The primary axis of variation (PC1: 46%) for this dataset, including all parts of the fish, describes the length and position of the dorsal and anal fins and caudal peduncle depth (Fig. 3A). High PC1 scores are associated with narrow caudal peduncles, deep bodies and short, posteriorly positioned dorsal and anal fins. The second axis of variation (PC2: 24%) differentiates fishes primarily based on fin shape. High PC2 morphospace is occupied by fishes with concave or truncated caudal fins and high AR median fins with long leading edges and short trailing edges. Conversely, low PC2 morphospace is occupied by fishes with highly convex caudal fins and low AR median fins with leading and trailing edges of similar lengths. Filefishes cluster in the area of morphospace defined by shallow bodies, wide caudal peduncles and long median fins (low PC1) as well as convex caudal fins and low AR median fins (low PC2). Triggerfishes occupy the area of morphospace defined by deep bodies, narrow caudal peduncles and short median fins (high PC1) as well as convex or truncate caudal fins and mid to low AR median fins (low to mid PC2), with the exception of O. niger, which sits in a largely unoccupied area of morphospace (low PC1 and high PC2).

Fig. 3.

Phylomorphospaces depicting backtransformed shapes along the two most significant axes of shape variation for each morphological dataset. Red (Balistidae) and blue (Monacanthidae) shapes represent the backtransformed shapes of each species included in this study. Gray shapes represent theoretical backtransformed shapes corresponding to each location in morphospace. Black lines represent the phylogeny from Fig. 1 transformed into each morphospace. Black dots along these lines represent theoretical positions of each ancestral node. (A) Full shape. (B) Body shape. (C) Dorsal fin shape. (D) Anal fin shape. (E) Caudal fin shape. Sample sizes for each morphometric dataset are reported in Table S1.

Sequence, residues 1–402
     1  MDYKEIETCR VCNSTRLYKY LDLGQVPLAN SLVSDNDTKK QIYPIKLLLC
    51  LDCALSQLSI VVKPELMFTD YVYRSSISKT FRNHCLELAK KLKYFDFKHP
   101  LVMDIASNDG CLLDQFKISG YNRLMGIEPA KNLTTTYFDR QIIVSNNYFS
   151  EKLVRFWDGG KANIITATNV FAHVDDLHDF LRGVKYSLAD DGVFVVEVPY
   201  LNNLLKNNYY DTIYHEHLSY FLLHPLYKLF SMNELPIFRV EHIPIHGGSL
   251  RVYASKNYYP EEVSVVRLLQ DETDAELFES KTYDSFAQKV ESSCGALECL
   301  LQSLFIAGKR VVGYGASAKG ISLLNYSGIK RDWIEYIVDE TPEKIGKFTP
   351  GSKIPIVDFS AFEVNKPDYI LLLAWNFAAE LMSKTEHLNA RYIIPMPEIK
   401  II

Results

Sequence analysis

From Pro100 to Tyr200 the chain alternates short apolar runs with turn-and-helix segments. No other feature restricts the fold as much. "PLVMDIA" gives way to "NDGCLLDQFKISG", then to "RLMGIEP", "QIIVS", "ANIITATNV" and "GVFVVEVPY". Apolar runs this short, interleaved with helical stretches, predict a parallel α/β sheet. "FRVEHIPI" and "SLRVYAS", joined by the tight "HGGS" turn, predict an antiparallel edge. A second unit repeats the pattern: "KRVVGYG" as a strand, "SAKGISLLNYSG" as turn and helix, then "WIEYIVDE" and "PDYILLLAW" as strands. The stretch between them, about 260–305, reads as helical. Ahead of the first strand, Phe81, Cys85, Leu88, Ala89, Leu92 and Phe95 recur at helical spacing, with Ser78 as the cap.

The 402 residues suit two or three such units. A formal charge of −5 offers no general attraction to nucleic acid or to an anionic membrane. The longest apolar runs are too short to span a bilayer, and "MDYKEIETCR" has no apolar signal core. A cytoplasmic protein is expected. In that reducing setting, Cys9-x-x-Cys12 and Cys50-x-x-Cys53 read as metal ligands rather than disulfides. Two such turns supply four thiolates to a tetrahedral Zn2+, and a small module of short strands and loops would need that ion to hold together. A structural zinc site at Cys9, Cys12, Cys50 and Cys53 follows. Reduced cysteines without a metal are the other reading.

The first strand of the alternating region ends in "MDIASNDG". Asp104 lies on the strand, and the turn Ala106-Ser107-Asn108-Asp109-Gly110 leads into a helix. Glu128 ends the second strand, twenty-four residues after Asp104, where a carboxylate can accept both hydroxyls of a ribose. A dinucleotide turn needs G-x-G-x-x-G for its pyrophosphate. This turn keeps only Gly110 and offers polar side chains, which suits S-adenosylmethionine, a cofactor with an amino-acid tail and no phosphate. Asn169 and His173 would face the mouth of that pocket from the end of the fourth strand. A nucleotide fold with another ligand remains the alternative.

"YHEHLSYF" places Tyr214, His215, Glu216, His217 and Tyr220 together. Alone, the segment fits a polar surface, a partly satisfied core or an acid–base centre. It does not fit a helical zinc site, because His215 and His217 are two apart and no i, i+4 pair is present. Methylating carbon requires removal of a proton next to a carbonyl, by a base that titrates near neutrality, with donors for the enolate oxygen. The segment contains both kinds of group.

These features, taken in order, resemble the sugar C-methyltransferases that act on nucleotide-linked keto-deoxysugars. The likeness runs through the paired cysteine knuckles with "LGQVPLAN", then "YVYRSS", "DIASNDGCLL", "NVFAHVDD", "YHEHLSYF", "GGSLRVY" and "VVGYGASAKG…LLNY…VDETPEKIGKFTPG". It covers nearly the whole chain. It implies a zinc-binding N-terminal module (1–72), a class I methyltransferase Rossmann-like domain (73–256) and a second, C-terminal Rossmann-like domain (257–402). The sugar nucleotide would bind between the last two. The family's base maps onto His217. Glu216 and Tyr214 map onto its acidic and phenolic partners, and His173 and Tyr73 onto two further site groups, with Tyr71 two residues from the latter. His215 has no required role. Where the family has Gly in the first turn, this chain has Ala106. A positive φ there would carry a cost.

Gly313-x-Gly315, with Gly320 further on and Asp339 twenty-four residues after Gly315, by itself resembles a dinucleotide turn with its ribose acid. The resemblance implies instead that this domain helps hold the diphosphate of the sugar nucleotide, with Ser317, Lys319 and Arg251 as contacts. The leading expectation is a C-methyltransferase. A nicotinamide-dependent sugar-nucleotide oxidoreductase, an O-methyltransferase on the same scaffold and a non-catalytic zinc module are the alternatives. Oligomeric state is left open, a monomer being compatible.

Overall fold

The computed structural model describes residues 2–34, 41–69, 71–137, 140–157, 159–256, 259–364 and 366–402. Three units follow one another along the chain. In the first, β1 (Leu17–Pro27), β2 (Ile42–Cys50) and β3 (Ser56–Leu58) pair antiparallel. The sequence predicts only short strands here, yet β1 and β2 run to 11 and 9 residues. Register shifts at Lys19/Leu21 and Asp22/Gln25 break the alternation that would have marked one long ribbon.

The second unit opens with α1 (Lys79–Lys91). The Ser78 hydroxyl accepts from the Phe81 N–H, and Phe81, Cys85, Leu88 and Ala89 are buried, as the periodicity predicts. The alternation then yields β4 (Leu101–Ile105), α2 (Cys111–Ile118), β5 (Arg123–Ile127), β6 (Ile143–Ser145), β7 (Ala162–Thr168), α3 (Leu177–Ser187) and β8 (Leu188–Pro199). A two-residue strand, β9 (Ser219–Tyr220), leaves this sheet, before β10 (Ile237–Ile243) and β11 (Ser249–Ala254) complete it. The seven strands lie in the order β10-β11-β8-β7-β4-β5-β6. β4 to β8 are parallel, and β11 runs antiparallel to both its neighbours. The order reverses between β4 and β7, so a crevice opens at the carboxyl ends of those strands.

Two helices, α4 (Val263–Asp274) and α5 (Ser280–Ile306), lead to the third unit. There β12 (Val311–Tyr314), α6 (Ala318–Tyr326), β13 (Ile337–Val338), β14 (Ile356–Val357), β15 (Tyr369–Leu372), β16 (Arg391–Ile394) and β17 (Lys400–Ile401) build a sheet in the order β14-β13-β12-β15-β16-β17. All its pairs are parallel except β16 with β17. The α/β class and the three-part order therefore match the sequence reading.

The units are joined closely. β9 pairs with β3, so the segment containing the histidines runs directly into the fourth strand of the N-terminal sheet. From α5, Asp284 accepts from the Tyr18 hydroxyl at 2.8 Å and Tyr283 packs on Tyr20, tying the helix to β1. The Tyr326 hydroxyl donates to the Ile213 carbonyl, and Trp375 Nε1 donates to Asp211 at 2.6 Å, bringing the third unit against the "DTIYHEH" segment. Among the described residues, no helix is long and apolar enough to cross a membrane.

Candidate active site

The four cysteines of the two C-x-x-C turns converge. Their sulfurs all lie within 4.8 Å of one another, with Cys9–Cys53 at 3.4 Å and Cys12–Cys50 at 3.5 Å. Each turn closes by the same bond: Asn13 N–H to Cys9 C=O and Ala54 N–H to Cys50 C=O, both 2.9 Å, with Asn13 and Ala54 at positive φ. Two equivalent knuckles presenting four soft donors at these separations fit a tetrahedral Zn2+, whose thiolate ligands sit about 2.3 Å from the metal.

Fig. 3.

Phylomorphospaces depicting backtransformed shapes along the two most significant axes of shape variation for each morphological dataset. Red (Balistidae) and blue (Monacanthidae) shapes represent the backtransformed shapes of each species included in this study. Gray shapes represent theoretical backtransformed shapes corresponding to each location in morphospace. Black lines represent the phylogeny from Fig. 1 transformed into each morphospace. Black dots along these lines represent theoretical positions of each ancestral node. (A) Full shape. (B) Body shape. (C) Dorsal fin shape. (D) Anal fin shape. (E) Caudal fin shape. Sample sizes for each morphometric dataset are reported in Table S1.

Body only

The primary axis of variation (PC1: 42%) describes the ratio of anterior body depth to posterior body depth, the slope of the head profile and median fin length (Fig. 3B). Fishes with high PC1 scores are deep-bodied anteriorly with narrow caudal peduncles, short median fins and convex forehead profiles. Conversely, fishes with low PC1 scores are shallow-bodied anteriorly with wide caudal peduncles, long median fins and concave forehead profiles. PC2 (23%) describes ventral keel depth. Fishes with deep ventral keels occupy areas of low PC2 morphospace. Most triggerfishes cluster in areas of morphospace defined by deep bodies, narrow caudal peduncles, convex forehead profiles (mid to high PC1) and ventral keels of moderate to shallow depth (mid to high PC2). Filefishes generally occupy areas of morphospace defined by narrow bodies, wide caudal peduncles and concave forehead profiles (mid to low PC1) and span the full range of PC2 morphospace. The filefish C. macrocerus appears to have converged upon an area of body morphospace primarily occupied by triggerfishes.

Dorsal fin

The primary axis of variation (PC1: 60%) describes the length ratio of the leading edge to the trailing edge of the fin (Fig. 3C). Low PC1 regions of morphospace are occupied by fins with leading and trailing edges of similar lengths, while high PC1 regions are occupied by fins with long leading edges and short trailing edges. Dorsal fin PC1 scores are positively correlated with dorsal fin ARs (Spearman's rank correlation ρ=0.97, P<0.0001). PC2 (27%) describes overall length:depth ratio, with long, shallow fins occupying areas of higher PC2 morphospace, and short, deep fins occupying areas of low PC2 morphospace. Dorsal fin PC2 is not correlated with dorsal fin AR (Spearman's rank correlation ρ=−0.30, P=0.32). Filefishes cluster in morphospace defined by low AR, shallow and elongate fins (low PC1, high PC2) with the exception of C. macrocerus, which groups with most triggerfishes in the area of morphospace defined by short, deep dorsal fins of intermediate AR (mid PC1, low PC2). Odonus niger and X. auromarginatus diverged from the rest of the Balistidae to occupy the area of morphospace defined by high AR, elongate dorsal fins (high PC1 and high PC2).